Momentum for banning menthol cigarettes has grown over the past several years, with lawmakers and public health groups pointing to decades of targeted marketing toward Black communities. More than 85 percent of Black Americans who smoke report using menthol products. But critics of the ban argue that it will trigger a black market that could exacerbate over-policing and violence against those communities.

A study cited by FDA suggests that banning menthol cigarettes in the U.S. would lead roughly 923,000 smokers to quit, including 230,000 Black Americans, in the first year and a half. Another study projects that 633,000 tobacco-related deaths would be averted.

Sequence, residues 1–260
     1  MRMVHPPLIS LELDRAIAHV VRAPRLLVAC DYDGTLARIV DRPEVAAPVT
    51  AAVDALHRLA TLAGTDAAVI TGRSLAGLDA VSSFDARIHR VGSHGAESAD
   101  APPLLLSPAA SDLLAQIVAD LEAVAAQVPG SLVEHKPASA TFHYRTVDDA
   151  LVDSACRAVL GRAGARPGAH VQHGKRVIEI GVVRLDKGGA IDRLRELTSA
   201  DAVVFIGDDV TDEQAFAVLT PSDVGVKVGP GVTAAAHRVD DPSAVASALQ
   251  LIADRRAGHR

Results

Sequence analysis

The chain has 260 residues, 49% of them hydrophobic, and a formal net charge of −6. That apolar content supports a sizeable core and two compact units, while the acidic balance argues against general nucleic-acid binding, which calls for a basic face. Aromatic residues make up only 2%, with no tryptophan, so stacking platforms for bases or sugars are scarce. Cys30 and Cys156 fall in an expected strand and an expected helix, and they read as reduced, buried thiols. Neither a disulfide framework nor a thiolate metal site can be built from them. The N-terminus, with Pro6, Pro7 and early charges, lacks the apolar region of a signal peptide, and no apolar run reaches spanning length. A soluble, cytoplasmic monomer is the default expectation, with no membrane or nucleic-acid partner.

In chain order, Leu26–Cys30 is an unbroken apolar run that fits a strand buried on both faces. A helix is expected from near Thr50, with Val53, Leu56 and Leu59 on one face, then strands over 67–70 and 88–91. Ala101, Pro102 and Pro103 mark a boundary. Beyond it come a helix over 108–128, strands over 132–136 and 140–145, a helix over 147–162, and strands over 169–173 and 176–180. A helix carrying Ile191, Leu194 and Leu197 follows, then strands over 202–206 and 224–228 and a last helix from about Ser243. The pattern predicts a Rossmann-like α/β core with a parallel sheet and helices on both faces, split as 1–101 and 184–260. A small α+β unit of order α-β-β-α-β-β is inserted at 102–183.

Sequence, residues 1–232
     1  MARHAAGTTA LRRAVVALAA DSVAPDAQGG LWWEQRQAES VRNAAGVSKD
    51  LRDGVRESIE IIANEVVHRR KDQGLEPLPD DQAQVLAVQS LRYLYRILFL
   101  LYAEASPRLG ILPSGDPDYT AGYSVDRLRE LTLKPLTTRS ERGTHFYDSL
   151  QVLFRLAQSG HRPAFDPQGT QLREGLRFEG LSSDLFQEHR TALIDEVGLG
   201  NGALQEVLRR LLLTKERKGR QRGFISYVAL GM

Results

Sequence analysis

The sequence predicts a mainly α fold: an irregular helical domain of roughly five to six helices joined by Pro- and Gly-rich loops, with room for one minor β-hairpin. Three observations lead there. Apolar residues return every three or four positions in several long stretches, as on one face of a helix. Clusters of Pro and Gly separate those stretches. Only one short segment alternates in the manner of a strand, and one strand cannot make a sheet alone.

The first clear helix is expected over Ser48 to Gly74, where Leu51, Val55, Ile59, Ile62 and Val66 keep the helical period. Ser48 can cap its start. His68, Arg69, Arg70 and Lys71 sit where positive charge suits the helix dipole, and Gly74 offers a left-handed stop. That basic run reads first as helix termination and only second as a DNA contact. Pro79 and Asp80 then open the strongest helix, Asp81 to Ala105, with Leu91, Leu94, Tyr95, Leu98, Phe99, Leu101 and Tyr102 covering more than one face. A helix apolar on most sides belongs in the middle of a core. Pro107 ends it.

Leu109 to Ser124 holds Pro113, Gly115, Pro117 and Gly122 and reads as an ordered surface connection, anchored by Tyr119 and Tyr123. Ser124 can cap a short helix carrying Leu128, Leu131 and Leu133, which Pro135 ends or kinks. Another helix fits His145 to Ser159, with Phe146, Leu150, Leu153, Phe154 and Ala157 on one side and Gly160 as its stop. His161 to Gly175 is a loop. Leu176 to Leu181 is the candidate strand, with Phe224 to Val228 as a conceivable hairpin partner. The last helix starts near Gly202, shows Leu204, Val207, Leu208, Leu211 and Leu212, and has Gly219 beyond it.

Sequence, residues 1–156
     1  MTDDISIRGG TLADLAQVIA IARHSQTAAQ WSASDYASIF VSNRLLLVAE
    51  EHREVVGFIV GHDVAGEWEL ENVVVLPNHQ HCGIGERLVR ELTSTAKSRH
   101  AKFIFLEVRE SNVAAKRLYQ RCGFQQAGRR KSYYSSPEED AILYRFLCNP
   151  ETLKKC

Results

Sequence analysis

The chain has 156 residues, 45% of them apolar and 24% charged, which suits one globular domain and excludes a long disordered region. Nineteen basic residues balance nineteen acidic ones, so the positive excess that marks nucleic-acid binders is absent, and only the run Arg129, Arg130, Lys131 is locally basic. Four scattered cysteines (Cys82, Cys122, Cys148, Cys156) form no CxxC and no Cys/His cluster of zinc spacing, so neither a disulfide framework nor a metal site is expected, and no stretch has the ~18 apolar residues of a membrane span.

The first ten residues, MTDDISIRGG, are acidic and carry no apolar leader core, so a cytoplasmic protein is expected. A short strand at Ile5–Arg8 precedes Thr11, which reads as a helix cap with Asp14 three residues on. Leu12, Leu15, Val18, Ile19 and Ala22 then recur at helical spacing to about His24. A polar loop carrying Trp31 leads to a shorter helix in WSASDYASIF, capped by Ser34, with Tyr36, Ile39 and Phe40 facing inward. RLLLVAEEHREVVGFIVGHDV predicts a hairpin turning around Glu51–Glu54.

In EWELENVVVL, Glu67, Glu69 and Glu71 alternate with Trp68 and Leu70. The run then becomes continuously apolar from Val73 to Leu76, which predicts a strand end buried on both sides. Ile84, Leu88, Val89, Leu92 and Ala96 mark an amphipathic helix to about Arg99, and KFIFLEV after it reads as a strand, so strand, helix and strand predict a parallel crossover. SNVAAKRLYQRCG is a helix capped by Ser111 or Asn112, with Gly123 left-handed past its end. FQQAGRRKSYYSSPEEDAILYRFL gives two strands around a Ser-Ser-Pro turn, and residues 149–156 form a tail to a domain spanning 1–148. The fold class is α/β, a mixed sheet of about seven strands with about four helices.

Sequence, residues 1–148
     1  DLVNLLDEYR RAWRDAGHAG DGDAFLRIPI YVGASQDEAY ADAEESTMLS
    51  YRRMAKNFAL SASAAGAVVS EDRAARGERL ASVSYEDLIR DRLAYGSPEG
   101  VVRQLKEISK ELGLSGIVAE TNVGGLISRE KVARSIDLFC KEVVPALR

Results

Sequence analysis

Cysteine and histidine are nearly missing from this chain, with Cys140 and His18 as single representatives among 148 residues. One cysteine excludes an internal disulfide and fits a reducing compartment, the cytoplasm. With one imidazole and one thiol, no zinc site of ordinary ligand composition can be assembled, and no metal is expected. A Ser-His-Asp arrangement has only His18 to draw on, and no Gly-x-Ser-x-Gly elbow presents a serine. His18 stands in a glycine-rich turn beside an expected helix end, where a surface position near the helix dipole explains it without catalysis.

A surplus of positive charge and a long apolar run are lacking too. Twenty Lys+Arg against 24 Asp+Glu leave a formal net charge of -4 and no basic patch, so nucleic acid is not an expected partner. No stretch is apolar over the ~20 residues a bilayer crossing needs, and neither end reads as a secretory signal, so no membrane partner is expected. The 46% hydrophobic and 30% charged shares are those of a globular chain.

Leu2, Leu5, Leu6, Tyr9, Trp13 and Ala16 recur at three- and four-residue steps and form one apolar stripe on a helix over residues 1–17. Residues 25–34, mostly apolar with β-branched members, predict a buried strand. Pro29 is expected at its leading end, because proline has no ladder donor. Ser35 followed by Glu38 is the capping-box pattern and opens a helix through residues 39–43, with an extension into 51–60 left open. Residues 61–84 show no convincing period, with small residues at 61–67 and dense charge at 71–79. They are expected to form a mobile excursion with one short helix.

While cigarette use has steadily fallen over recent years, menthol use has declined more slowly. Menthol helps mask the harshness found in other cigarettes.